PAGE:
In the spirit of the type of hero Supergirl is, I’m going to start this review off with an honest note: I haven’t watched season one or two of the series. There is no real particular reason other than just a lot of shows out there and telling myself I’d get caught up over the summers and then not getting around to it. I have been a viewer of the Arrowverse shows the last few years though. Having seen the news stories & the like that this series was going to undergo a few changes (just like the other shows of the Arrowverse) I figured it was a good time to finally just dive in and see what everyone has been talking about.
With that in mind, one of the best thing that Supergirl‘s first season three episode, “Girl of Steel,” does is that it builds upon what came before but it does so in a way that is not jarring or a turn-off to any viewers that might have just dove in for the first time with the episode. It perfectly fits the idea that is prevalent in the comic book source material world, to treat every issue (episode in this case) as if it’s someone’s first. That doesn’t mean you don’t move plots forward but you make sure that there are enough things dropped in the story to build connections and allow the viewer to understand what came before but what is also going on now.
Coming from the outside, it’s known that Supergirl/Kara Danvers (Melissa Benoist) is the more chipper and hopeful of the heroes across the Arrowverse shows, especially since Barry Allen/Flash got so very grim in season three. So coming into the episode and finding a Kara/Supergirl who has lost so much that she’s become almost a shell of herself, forsaking her Kara Danvers self just to be Supergirl running around saving the day 24/7, it drew me in very quickly. While Kara pushing away her life and her friends and snapping at them as they try to help her could easily become annoying or make you dislike her, Benoist is able to fully portray these moments as a character that is in pain and trying her best to bury it and keep doing what she does. It makes it so you can easily see both sides of the issue, sympathizing with Kara and her pain but also with the viewpoint of Alex and her other friends that just want to help her out of the funk she’s within.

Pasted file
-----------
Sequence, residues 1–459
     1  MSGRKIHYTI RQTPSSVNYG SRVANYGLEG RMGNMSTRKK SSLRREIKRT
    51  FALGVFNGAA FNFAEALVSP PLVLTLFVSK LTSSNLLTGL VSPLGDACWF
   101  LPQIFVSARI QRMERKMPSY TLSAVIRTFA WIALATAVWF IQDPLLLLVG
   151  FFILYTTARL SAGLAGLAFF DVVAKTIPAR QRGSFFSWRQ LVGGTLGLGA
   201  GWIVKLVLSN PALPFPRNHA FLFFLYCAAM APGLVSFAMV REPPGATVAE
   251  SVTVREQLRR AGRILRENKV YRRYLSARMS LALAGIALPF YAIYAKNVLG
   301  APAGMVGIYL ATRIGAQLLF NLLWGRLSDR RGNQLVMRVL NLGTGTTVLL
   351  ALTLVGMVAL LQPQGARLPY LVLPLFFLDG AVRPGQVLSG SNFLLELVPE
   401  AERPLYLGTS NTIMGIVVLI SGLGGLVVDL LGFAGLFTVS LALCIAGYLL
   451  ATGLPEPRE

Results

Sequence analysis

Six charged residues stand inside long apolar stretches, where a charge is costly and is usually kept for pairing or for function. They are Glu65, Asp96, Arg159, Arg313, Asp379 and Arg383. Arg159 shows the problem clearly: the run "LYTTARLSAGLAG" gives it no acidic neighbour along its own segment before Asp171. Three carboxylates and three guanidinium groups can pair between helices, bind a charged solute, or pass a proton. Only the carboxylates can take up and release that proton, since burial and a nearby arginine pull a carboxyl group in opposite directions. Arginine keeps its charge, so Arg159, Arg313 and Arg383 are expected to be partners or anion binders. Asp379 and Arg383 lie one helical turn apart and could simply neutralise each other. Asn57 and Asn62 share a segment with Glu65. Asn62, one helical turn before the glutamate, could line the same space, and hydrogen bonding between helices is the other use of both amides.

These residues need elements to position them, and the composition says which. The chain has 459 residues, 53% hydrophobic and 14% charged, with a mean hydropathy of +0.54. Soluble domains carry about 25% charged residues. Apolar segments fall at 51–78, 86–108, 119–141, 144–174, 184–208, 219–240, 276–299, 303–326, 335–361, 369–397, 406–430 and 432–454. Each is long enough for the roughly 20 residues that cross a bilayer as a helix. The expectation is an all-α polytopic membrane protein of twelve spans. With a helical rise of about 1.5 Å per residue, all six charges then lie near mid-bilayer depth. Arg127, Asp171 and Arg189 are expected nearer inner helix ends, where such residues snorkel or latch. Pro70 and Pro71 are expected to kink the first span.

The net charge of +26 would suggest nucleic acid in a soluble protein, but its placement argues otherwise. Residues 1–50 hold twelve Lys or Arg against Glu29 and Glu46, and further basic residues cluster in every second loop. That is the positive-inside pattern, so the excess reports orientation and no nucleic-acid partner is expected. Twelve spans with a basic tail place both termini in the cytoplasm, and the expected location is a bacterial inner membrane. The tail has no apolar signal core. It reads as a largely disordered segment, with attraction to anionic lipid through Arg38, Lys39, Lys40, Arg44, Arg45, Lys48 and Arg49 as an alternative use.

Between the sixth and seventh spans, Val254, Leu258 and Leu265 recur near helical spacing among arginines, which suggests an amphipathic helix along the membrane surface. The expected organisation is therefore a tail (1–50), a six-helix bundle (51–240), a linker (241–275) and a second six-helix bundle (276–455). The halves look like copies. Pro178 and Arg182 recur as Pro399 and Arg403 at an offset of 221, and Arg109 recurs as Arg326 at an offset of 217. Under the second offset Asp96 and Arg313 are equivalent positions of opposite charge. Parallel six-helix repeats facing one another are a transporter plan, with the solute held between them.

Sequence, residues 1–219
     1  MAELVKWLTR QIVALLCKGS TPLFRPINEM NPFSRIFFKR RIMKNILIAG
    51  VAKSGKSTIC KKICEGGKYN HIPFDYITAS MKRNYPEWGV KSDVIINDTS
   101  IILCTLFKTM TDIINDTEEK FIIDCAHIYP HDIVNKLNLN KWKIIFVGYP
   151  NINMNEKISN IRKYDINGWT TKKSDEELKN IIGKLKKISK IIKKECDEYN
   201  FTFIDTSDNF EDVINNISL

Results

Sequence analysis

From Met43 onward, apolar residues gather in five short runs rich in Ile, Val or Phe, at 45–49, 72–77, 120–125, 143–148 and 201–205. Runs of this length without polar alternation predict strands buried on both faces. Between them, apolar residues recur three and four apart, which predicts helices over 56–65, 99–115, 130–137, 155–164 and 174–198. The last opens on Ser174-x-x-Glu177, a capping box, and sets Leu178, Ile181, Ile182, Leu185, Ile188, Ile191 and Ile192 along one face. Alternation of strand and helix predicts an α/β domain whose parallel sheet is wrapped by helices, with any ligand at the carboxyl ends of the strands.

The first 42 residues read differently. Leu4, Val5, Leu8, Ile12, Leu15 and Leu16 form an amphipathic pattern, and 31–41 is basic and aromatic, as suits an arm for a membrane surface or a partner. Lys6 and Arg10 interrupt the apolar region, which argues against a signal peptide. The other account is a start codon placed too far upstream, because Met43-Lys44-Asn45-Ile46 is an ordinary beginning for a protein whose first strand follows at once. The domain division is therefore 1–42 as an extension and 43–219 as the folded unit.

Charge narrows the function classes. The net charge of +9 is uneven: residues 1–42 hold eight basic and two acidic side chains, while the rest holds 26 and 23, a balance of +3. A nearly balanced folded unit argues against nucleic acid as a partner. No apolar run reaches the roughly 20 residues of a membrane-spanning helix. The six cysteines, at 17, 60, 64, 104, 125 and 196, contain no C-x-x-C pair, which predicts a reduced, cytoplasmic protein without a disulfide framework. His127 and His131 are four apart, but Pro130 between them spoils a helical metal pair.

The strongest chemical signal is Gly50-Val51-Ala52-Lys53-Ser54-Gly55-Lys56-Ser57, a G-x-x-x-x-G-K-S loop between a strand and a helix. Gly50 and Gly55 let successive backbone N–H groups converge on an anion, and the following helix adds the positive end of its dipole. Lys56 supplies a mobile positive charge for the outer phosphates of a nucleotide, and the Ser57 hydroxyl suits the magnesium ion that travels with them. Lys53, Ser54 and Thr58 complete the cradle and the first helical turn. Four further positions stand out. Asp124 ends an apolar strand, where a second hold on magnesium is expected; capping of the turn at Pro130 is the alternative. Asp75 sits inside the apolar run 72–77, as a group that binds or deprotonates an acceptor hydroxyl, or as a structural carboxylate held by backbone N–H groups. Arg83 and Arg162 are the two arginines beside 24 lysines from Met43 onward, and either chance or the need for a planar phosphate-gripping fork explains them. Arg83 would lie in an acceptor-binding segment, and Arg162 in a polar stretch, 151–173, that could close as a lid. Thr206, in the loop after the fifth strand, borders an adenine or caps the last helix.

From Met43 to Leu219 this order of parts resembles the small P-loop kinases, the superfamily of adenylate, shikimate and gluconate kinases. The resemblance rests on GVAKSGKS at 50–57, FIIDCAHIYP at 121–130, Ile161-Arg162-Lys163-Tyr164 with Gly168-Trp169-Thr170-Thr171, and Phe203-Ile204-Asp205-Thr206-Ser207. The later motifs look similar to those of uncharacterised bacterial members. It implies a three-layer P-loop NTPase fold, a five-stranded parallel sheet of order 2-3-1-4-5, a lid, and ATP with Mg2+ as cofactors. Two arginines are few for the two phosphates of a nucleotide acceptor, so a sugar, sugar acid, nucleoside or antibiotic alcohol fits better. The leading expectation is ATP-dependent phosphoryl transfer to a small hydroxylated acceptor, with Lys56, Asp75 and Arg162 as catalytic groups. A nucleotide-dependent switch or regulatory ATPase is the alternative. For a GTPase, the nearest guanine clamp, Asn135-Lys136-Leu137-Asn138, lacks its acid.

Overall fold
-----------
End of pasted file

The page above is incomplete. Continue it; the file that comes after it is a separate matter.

While the episode doesn’t end with Kara returning to her job at CatCo or suddenly being happy-go-lucky, it does end with her in a less grumpy and cut off place. Watching her surge into the air holding the sub above her as a hero and then actually showing up at the end to finally have drinks with her friends leave the episode in a place where it’s clear that healing has finally begun. It means that unlike the dour season three of The Flash, Kara might actually have a healthy, but slow, recovery to get back to more of being herself.
Kara’s personal journey through the issue is easily the highlight of an episode that also introduced a new villain/antagonist that is very one-note generic and kind of blah. That of course is referring to the business minded Morgan Edge (Adrian Pasdar) who immediately forces his way into matters by declaring his intention to buy CatCo so that he can literally buy good press to keep them from writing against him (a move thankfully thwarted by Lena Luthor). That’s the most realistic part of his bland “evilness” which is followed up by the cheesy and way over the top connection to the episodes bad guy of the week Bloodsport and the use of a cloaked submarine to try and nuke low-income areas by the wharf so that he can swoop in and build expensive high-rises and areas for the wealthier citizens. Though honestly, that is just cheesy and generic enough to actually be a plot used in comic books by villains, and likely already has in some similar manner before.
Odette Anabele’s debut as the eventual season big bad Reign was the better somewhat villain story of the episode because she doesn’t debut as a villain. Samantha Arias, Reign’s name, debuts in the episode as a mother who takes her daughter to the Supergirl statue unveiling at the wharf. When her daughter is trapped during the attack, she shows amazing strength to get her out and appears to have some connection to Supergirl and her mother as Reign sees Kara’s mom in a dream that is the same setting dream wise that Kara was seeing earlier in the episode.
Also, moving Calista Flockhart’s Cat Grant to the White House as Press Secretary (allowing for some Trump related jabs, was a beautiful choice. It allows Cat to have a great position in the universe that explains why she cannot be on the series that much anymore, after the series move to film in Canada last year.
Overall I was very satisfied with my first dive into the world of Supergirl. While I chose to watch at at time that isn’t as hopeful and fun as most said previous episodes were, I could feel a connection to the characters already and can see the potential and it’s move to return to those lighter times soon enough. Character connections and moments helped add levity and growth moments between the villain plots. Sadly the first chosen villains were very lackluster and hopefully that is something fixed with Reign or other villains. A hero truly needs compelling and worthy adversaries in their journey. I’ll definitely be back for the next episode.
Score: 8.5 out of 10